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Drinking plus being overweight is a recipe for oesophageal cancer, report warns

by , 20 April 2017
Drinking plus being overweight is a recipe for oesophageal cancer, report warns
According to a new report, people who drink and are overweight are at higher risk for two of the most common types of oesophageal cancer.

In the report compiled by experts at the AICR and the World Cancer Research Fund, it was revealed that one third - that's about 5,600 per year - of oesophageal cancer cases in the United States could be prevented if people didn't drink and maintained a healthy weight.

“These findings add to the evidence that lifestyle plays a powerful role in cancer risk,” said Alice Bender, head of nutrition at the American Institute for Cancer Research (AICR). Read on for the full scoop.

Previous research has linked drinking and obesity to cancer

This report isn’t the first to link drinking and obesity to cancer. “Obesity is now linked to 11 types of cancer and alcohol links to six,” said Bender in a news release. 
 
“We want individuals to know you can take important lifestyle steps to reduce risk for many kinds of cancer,” she added.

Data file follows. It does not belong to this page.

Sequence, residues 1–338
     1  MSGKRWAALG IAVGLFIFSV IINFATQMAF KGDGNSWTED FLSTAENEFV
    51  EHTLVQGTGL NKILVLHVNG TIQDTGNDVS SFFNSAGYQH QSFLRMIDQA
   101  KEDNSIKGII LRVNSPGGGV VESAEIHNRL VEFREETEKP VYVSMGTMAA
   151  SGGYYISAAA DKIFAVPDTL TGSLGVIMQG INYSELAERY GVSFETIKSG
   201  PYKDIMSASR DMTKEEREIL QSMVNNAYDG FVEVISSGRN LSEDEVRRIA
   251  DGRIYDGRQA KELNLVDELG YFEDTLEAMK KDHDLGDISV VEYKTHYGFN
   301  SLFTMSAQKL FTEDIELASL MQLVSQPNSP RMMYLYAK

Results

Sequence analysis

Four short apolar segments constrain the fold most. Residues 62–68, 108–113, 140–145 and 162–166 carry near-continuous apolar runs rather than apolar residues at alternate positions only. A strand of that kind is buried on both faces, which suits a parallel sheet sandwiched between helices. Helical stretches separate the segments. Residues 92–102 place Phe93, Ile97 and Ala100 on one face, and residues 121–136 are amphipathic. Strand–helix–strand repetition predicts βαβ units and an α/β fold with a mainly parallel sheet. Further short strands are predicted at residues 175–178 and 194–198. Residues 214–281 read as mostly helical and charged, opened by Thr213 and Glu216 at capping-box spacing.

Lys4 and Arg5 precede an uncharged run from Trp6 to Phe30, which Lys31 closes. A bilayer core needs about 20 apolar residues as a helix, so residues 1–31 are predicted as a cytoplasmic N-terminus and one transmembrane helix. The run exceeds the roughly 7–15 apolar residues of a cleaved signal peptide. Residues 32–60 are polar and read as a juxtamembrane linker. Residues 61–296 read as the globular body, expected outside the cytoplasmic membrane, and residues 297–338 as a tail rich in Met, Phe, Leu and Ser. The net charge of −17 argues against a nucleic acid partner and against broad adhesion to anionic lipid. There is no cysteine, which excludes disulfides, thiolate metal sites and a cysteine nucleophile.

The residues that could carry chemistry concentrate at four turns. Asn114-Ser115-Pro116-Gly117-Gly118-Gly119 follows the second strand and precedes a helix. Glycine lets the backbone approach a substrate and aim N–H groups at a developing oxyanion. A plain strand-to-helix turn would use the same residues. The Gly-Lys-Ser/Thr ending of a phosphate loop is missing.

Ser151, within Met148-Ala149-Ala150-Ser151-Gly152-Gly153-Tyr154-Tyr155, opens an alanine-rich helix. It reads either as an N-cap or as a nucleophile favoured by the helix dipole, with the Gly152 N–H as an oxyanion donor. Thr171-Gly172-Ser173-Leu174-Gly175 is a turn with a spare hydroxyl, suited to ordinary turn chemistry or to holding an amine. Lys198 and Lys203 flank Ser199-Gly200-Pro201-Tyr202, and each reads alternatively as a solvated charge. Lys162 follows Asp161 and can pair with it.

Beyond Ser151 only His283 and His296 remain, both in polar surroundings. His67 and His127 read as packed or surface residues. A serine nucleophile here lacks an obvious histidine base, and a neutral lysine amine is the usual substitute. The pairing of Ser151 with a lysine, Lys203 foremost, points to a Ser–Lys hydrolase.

Report reveals that drinking and obesity boost risk of esophageal cancer
To draw up their conclusions, experts reviewed 46 studies that involved over 15 million adults in total, including 31,000 who developed oesophageal cancer.

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Their analysis showed that for every 5-point increase in body mass index (BMI), there was a 48% boosted risk of oesophageal adenocarcinoma. This type of oesophageal cancer generally develops in the lower oesophagus. Statistics show that approximately 60% of oesophageal cancer cases in the US are adenocarcinomas.
 
Dr Anthony Starpoli, who helps direct oesophageal endotherapy at Lenox Hill Hospital in New York City, wasn’t surprised by these new findings. “The tremendous rise in oesophageal cancer has paralleled the obesity epidemic,” he said. “This study offers support to this observation.”
 
The researchers then found that the risk of oesophageal squamous cell carcinoma increased by 25% for every 10 g of alcohol consumed per day. This amount of alcohol is about equivalent to one glass of wine or beer.
 
Squamous cell oesophageal cancer develops from the cells that line the oesophagus and accounts for one-third of oesophageal cancers in the US. Worldwide, it’s the most common type of oesophageal cancer.
 
“Alcohol could have a direct carcinogenic effect, or it could be that reflux being worsened by alcohol leads to more damage to the lining or inner wall of the esophagus,” said Dr Starpoli. A body of research shows that chronic acid reflux is a big risk factor for oesophageal cancer.
 
“And of course, the empty calories from alcohol contribute to obesity,” he added.
 

Reduce your risk of oesophageal cancer by limiting alcohol and eating more whole foods

Bender assured that it’s possible to cut your risk of oesophageal cancer. She offered some suggestions on how to do it...
 
“Making smart choices like limiting alcoholic drinks, eating more vegetables, beans and other plant foods, and boosting your activity with walking breaks are all ways to get on a path to lower cancer risk.”

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